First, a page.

First experiences for some clinicians may not have been positive. Since OCDs were promoted to be equivalent to continuous flow, if patients did not maintain saturation on the continuous flow number set on a conserving device, clinicians felt the device did not work. At medical conventions it was common to hear a clinician say, "I tried a conserving device and it didn't work." The failure typically was not the conserving device; it was the understanding of how the conserving device operated. If the two settings on the conserving device are not giving the same volume of gas as the continuous flow device, simply increasing the setting on the OCD will increase the volume and probably result in equivalent to continuous flow. A concern was that if the number on the conserving device was different than continuous flow or the prescription, the home care provider was changing the prescription. The prescription was changed when the OCD was used. OCDs are volume delivery, not flow delivery, and there needs to be an understanding of these differences for effective use of oxygen conserving devices.

Through research we have learned that OCDs are not just basic oxygen therapy. OCDs provide a dose of oxygen, which is considered a drug, and have the potential to deliver this drug more effectively. Early studies focused on the equivalency concept. Small studies were conducted with the goal of showing that a conserving device set on the same number as a continuous flow device would provide equivalent oxygen saturations. Some of these studies showed equivalency. Most of the studies did not focus on patient activity (the main use of OCDs in home care) and if they did, the results varied. Recent studies have looked at performance of devices tested on a mechanical lung. By controlling lung variables, it was possible to determine performance differences and capabilities of each conserving device. Knowing how a device operates gives the clinician the capability to determine which device to use and what to expect from product performance. If a clinician knows that a conserving device cannot provide the volume of gas a patient might need with exercise he or she can prevent a perceived failure of the device.

OCDs have the potential of being very sophisticated drug delivery systems. These OCDs are similar to small ventilators since they deliver a volume of gas at a specific location in the respiratory cycle. The better we understand the mechanics of breathing and the multiple variables that influence gas exchange, the better our capability to oxygenate the patient at most activity levels. The two major variables that will affect oxygenation with a conserving device are respiratory rate and tidal volume. These are two simple parameters that respiratory therapists deal with in practice, yet are rarely measured in home care for oxygen patients. Understanding the capabilities of a specific OCD with the knowledge of the respiratory rate and tidal volume will improve the potential of oxygenating a patient at varying activity levels that change volume and rate. There are numerous other variables that will impact the performance of oxygen conserving devices, and it is impractical to expect an OCD to be sophisticated enough to respond to all patient physiology — yet we have moved past the steel cylinders and brass regulators of the past and are moving to the next generation of oxygen therapy.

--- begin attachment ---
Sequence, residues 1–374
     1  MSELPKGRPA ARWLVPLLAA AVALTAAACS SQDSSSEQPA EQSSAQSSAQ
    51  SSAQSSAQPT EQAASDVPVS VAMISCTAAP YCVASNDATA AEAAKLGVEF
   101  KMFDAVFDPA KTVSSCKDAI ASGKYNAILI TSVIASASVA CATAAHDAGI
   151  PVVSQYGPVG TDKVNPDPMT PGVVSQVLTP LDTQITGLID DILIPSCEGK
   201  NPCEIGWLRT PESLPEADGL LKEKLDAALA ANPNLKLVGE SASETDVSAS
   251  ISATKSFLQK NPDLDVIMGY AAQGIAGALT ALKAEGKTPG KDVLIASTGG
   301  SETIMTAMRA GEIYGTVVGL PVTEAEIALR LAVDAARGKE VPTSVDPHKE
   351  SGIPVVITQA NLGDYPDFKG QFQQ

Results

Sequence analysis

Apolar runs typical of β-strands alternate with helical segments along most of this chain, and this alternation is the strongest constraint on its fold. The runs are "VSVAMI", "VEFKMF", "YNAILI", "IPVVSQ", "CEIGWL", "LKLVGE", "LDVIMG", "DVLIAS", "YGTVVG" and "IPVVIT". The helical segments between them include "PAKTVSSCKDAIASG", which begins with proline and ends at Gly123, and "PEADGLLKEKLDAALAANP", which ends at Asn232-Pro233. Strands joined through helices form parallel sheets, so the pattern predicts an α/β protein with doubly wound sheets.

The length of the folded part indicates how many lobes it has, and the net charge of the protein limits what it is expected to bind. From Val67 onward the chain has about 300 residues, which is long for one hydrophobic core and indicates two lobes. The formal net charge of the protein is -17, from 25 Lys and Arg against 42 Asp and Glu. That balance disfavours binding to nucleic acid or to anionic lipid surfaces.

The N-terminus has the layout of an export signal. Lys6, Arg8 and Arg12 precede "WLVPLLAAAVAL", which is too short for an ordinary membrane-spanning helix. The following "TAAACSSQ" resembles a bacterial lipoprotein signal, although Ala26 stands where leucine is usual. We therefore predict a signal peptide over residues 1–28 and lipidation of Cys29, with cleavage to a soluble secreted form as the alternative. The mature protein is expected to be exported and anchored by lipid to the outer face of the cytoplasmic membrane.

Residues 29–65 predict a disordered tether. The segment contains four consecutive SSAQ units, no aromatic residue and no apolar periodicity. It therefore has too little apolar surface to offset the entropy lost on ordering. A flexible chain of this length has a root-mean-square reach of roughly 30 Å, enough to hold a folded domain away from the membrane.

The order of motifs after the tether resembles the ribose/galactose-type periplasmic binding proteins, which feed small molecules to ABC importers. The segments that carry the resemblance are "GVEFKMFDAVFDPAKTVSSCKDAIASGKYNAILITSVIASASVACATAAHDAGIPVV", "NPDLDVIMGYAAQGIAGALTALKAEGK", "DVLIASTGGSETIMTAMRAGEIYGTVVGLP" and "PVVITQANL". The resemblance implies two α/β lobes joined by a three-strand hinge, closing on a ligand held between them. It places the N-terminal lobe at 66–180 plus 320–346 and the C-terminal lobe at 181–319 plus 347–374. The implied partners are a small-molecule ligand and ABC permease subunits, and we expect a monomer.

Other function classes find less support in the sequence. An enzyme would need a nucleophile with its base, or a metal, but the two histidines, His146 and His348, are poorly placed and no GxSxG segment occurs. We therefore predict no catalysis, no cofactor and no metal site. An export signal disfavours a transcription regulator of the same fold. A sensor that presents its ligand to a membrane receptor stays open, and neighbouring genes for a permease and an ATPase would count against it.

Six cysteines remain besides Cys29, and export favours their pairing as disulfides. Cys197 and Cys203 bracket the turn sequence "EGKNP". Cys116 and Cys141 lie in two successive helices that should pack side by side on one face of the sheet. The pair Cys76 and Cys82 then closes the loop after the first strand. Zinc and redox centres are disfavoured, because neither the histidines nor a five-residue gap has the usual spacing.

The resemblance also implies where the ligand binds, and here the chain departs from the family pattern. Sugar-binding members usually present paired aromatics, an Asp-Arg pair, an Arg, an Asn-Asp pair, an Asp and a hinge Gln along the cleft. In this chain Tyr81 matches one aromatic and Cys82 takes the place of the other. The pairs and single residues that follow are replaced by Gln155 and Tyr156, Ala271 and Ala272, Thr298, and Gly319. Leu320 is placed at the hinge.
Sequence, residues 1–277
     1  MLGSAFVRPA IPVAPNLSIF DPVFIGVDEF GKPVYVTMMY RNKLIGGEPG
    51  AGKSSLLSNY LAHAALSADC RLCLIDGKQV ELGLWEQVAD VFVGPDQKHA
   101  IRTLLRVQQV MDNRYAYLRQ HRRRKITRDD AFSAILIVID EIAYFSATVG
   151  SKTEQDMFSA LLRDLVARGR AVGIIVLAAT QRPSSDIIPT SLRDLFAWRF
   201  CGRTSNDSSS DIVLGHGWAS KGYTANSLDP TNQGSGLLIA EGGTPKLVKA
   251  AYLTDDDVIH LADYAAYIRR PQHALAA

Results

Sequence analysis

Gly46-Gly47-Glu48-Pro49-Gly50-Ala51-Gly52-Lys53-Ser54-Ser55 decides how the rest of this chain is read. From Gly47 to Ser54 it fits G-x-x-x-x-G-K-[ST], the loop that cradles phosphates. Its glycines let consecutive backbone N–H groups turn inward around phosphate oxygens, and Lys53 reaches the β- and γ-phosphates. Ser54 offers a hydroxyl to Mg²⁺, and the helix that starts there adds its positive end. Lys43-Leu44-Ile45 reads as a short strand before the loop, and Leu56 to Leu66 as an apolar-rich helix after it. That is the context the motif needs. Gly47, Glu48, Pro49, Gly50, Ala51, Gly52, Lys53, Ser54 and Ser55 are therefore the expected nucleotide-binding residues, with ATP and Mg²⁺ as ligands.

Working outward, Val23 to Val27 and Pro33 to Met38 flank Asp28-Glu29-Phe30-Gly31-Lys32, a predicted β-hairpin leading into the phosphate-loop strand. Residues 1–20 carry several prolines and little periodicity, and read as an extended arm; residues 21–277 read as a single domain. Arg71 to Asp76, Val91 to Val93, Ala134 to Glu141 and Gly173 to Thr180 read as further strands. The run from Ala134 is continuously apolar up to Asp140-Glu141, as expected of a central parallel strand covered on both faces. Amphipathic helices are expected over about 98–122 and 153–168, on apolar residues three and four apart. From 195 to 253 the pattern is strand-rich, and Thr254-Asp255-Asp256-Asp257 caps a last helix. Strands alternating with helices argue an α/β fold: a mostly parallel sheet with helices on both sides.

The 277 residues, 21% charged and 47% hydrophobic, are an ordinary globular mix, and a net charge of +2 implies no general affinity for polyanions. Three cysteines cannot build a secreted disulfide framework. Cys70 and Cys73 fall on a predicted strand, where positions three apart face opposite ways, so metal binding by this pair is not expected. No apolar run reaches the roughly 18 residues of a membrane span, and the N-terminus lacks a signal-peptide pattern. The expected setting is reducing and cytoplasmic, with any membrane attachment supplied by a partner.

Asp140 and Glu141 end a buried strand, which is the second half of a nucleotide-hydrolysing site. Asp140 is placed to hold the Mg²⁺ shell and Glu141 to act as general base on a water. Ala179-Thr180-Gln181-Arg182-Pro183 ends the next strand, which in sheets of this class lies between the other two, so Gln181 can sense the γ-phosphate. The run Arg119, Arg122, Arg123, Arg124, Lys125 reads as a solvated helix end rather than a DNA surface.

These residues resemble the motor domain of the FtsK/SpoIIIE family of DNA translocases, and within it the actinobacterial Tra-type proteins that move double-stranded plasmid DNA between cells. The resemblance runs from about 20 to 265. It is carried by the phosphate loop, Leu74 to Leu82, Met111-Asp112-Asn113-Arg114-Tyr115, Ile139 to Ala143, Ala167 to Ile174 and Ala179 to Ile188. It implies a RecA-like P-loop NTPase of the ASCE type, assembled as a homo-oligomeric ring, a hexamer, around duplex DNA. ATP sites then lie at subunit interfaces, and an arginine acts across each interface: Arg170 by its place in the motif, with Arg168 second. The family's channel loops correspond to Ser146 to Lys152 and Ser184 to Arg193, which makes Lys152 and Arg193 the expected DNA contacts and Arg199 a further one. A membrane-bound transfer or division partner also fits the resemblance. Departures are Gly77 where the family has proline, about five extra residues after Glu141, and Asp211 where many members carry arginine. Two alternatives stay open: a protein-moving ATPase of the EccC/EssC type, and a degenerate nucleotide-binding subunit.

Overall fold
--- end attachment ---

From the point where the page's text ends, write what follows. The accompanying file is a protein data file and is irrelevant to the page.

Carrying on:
There is scientific evidence for oxygen conservation and a quick review of the literature will provide some information on previous research. This research is limited and typically not specific to products that are used in home care today. The home care clinician needs to use all resources available to determine the capabilities, applications and limitations of conserving devices to provide the best LTOT. These clinicians should encourage manufacturers to provide independent research on key issues related to their products' performance and related to patient oxygenation at activity levels. A conserving device is not about how much it saves, it is a tool used to improve the LTOT patient's ability to live a healthier and more normal life with their oxygen.

This article originally appeared in the April 2006 issue of HME Business.